Email best practices
Why you should let your inner email beauty shine
While it’s true that the subject line is what will ultimately drive customers to open emails, but the content is what makes a lasting impression.
We’re just about a week from December, what some would consider the official start of the holiday season. You’ve likely received a few promotional emails in your inbox already: gift guides, holiday style ideas, recipes for dinner parties…I’ve gotten them too. For email marketers, the pressure is on to come up with witty, clickable subject lines. There’s so much focus on monitoring what your competitors are saying, plus topping the subject lines that have driven high open rates in the past. At a certain point, it’s time to look beyond the subject line and focus on what’s within. Instead, let your inner email beauty -- your content -- shine. Here are three reasons why:
Play the long game
While it’s true that the subject line is your customer’s first point of contact with your email and what will ultimately drive them to open it, the content is what makes a lasting impression. Focus on consistently delivering highly relevant, interesting content to your subscribers and you’ll build up your reputation and earn their trust. Subscribers will then be more likely to open your emails regardless of its subject line. Having a catchy subject line is simply the “cherry on top.” They’ll be looking forward to what they can take away from what’s within.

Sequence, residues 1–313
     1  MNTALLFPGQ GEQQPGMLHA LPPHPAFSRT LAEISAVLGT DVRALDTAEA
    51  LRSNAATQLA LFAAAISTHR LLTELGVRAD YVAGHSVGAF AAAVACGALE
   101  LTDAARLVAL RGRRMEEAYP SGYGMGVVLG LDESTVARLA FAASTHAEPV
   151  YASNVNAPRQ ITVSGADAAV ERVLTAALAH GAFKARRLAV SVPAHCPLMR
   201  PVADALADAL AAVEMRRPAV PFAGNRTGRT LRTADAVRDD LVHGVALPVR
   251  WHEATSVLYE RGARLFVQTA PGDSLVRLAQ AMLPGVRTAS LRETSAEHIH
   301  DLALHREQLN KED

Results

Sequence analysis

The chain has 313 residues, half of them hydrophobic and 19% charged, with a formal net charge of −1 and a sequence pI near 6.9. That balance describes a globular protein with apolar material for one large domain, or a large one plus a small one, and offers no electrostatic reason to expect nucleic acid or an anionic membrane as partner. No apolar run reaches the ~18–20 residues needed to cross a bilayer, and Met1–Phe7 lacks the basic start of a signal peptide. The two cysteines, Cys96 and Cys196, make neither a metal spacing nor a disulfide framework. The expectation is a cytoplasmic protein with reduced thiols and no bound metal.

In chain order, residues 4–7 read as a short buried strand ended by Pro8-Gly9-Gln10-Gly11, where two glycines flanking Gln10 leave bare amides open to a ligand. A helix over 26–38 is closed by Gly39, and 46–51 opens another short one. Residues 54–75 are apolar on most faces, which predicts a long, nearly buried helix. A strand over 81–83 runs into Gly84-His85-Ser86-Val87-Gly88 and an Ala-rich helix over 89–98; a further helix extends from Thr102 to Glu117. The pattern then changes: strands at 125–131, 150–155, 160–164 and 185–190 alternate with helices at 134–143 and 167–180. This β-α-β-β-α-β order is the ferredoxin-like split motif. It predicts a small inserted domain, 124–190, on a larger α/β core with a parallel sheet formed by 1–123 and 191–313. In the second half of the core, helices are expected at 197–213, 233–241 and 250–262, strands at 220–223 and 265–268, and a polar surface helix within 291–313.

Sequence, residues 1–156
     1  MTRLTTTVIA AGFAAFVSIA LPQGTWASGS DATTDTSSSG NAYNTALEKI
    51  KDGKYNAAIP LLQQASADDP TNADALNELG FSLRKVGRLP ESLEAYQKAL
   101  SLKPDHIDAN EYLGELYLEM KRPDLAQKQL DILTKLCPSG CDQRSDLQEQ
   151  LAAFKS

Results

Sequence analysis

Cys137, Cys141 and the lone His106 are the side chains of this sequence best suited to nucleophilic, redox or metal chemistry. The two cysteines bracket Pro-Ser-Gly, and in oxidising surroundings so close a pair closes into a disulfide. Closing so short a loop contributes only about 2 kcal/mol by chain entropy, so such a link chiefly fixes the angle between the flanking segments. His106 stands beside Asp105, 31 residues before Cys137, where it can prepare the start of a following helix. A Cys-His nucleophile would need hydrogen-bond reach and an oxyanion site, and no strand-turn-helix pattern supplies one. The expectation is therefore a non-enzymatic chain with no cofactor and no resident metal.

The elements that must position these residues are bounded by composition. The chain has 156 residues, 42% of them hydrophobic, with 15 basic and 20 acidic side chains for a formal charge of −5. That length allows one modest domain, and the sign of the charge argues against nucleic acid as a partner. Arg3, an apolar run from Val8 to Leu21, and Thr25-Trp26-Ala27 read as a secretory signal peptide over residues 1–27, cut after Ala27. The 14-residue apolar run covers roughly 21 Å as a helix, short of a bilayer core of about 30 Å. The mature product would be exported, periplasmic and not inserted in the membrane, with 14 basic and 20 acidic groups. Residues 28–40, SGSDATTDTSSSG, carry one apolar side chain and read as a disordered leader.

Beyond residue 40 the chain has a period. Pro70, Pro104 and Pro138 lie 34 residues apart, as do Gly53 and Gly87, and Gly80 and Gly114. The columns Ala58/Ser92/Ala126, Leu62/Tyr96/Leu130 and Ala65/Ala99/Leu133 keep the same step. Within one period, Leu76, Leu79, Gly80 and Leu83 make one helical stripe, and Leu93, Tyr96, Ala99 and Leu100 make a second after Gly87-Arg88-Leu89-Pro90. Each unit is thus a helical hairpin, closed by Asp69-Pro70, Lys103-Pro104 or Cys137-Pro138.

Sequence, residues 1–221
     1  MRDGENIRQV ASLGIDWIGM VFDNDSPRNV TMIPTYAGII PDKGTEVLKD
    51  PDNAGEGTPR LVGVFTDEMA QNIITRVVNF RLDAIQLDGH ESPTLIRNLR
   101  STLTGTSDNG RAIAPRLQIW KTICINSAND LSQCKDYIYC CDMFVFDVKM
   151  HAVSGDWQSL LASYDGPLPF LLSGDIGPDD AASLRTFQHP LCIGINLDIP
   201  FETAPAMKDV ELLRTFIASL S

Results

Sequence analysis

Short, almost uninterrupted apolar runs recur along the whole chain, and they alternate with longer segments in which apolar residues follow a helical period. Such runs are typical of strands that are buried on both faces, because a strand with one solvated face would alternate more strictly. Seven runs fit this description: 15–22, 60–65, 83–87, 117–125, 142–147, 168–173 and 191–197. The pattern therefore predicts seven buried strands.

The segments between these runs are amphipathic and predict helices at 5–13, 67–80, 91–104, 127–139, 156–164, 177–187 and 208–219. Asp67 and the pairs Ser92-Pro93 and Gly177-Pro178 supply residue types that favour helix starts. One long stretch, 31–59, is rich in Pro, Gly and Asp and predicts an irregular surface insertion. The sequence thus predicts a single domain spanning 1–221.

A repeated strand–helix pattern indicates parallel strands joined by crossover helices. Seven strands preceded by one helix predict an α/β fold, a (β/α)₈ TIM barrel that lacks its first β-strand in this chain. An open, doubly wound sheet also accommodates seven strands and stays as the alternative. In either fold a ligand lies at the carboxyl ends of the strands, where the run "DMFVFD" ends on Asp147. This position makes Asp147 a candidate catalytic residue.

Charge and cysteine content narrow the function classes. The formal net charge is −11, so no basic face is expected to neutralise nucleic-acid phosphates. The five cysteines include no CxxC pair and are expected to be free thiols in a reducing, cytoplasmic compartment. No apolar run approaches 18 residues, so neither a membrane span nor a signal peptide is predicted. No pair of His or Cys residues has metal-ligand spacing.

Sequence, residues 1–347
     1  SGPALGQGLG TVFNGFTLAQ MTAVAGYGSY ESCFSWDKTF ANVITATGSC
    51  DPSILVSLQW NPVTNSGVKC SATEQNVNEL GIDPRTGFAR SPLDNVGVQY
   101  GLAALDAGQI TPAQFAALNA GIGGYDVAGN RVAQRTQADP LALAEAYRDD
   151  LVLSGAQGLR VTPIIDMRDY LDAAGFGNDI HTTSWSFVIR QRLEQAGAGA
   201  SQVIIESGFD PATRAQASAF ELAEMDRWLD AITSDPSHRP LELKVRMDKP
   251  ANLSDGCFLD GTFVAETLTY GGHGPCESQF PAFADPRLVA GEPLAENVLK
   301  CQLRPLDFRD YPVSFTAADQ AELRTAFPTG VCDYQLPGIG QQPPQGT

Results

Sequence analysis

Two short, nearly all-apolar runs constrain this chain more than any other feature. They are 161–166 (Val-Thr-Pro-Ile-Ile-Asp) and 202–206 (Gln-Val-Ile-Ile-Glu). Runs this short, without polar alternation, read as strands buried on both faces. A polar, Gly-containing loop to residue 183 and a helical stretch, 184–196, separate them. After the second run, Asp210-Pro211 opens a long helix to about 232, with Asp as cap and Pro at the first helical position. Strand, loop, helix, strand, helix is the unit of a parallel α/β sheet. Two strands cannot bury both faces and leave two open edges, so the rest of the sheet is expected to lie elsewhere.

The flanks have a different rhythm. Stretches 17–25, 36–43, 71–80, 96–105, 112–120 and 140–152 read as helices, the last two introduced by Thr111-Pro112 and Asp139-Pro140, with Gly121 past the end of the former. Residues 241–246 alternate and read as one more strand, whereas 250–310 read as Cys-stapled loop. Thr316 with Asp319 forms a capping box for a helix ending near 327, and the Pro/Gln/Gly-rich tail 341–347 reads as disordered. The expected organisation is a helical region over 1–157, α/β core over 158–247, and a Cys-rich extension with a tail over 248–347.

Fit for all screens
No matter how hard you try (unless you keep it to two or three words), your subject lines will likely be cut off by the preview in different browsers or devices. There’s more space to work within the email body. The content inside the email is arguably more responsive than the subject line. To make the most of the responsiveness of the “inner content,” use ALT text and be mindful of the fold. ALT text is a kind of html safety net for your email images: if by chance a certain browser or email client cannot display an image, the ALT text will show in place of it, with a short caption. The fold is where the preview of the content ends and you need to scroll down to read more. While the above-the-fold area of the email body provides much more space than a subject line does, be sure the content here is enticing enough to make readers continue to scroll.
The real money driver
Ultimately, your goal is to drive your emails onto your website or to interact with your product in some way. Compelling content is is your email call-to-action, which will directly drive customers to another platform where you can continue to interact with them. It’s the real revenue driver. As Plated’s Emily Grant brought up recently during our Hacking The Inbox panel, marketers should be mindful of tracking click-to-open-rates (CTOR) in addition to the open-rate, their more popular counterpart. CTOR will measure the number of subscribers that opened and how many clicked. While it varies depending on the type of business and/or campaign, a general rule of thumb is that 20-30% is a good CTOR for promotional campaigns and 30%-40% or higher for triggered campaigns. Now, get back to working on your campaigns and hopefully you’ll remember to stop “judging an email by its cover.” It’s the inner content that counts.
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